Theory & Practice of Unconditional Love

Unconditional Love – doesn’t that sound wonderful?

This is what I associate with the term:

total trust



emotional independence

space for personal development

These are things I want to have in any relationship, as I don’t want to be responsible for somebody else’s emotions, I don’t want to have to think about everything I say including the wording in case it might be unintentionally insulting in any way, I certainly don’t want to feel threatened by my partner, and I don’t want to be tied down by another person’s smaller world.

Seems pretty straight forward.

In this relationship, there is no space for jealousy, or for emotional games or bottled up feelings. If there is an issue, it is safe to talk about it, and it is also safe to choose not to find a compromise. There is also the freedom of deciding at any point in time that a certain issue is too much  for the relationship and therefore the relationship should be terminated.

And that is where things might get messy, for me, anyway.

Because if I am in love, I have the tendency to put up with things, even if they are not actually ok for me. I make excuses, tell myself that it will get better when xyz has happened, and then start blaming myself for being too sensitive and for committing emotionally too quickly, or too much. All along this process, I am actually becoming emotionally dependent, because I don’t want to give up the relationship while having an issue for which there is no resolution. Which is not ok.

A friend told me the other day “a successful relationship is all about compromises”.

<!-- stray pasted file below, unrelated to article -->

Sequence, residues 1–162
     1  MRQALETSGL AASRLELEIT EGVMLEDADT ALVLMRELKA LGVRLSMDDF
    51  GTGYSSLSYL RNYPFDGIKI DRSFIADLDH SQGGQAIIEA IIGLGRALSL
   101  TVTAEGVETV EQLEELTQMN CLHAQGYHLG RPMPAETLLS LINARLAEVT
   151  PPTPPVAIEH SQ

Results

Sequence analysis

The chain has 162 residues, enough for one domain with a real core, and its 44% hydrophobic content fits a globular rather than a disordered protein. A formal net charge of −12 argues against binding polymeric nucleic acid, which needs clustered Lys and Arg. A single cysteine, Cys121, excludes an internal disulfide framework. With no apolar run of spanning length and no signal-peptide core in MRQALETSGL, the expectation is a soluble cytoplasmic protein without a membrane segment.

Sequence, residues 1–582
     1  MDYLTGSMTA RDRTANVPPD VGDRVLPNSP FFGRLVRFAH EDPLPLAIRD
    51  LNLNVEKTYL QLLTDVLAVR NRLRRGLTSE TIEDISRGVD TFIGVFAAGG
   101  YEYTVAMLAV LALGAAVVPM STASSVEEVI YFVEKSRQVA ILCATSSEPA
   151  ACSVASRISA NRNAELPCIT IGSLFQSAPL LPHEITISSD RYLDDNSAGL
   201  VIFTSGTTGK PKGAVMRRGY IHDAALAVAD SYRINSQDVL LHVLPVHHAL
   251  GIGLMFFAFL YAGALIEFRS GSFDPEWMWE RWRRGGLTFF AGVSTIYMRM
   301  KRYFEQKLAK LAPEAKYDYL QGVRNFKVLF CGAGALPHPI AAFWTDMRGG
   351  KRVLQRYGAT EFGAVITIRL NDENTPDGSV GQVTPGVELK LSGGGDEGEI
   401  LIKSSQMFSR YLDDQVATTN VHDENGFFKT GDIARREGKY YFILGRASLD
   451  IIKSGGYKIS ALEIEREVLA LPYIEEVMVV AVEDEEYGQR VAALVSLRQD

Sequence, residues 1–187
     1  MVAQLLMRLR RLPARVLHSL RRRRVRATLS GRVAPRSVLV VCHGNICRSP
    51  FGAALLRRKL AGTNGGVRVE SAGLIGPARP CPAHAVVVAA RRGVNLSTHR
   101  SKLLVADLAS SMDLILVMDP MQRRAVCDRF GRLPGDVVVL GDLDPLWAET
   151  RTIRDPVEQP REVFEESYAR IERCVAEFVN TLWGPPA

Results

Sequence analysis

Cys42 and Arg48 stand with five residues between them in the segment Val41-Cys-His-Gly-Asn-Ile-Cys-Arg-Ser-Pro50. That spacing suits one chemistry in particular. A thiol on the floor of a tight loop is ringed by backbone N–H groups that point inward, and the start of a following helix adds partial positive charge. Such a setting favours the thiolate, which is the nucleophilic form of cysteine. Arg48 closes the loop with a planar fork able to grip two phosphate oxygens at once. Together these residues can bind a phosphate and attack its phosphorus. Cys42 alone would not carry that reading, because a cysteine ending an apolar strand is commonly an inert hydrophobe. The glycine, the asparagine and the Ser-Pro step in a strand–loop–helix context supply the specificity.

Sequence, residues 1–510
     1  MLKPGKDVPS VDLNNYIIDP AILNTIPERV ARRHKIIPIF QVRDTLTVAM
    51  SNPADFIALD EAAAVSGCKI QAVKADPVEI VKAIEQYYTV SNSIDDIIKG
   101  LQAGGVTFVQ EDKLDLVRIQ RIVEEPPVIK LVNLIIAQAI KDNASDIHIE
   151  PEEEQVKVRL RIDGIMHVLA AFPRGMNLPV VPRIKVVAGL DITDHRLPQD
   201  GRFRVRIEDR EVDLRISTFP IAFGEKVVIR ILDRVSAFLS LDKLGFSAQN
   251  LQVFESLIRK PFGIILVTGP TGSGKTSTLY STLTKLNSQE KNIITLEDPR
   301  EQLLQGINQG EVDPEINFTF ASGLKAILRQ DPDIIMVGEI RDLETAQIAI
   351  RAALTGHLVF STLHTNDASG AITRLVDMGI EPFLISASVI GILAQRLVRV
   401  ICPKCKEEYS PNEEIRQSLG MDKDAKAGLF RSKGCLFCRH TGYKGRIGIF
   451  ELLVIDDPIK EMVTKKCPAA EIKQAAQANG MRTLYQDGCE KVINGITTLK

I get his point – both partners are committed to finding solutions to all issues, which results in living a life of compromises.

But doesn’t that go against having personal freedom in a relationship and through the relationship? Somehow, a life of compromises doesn’t sound at all inviting.

Another friend told me that I want too much – a successful relationship works because both partners don’t have too high expectations of each other and simply get used to each other.

I get this point too – if I translate this into my terms, I would say one has to be emotionally independent enough to not require constant appreciation and confirmation from ones partner – but his logical consequence of expecting little and trusting in “getting used” to ones partner opposed to falling in love and building a relationship on that love seems very depressive to me. I wouldn’t last for longer than one month with somebody I feel I needed to “get used to”.

So, how can unconditional love ever work?

I guess it only works if both are equally committed, equally trusting, and equally strong enough to understand when a compromise is best and when it is best to live the difference. Two rooted and centered personalities.

Easier said than done.

But not impossible!


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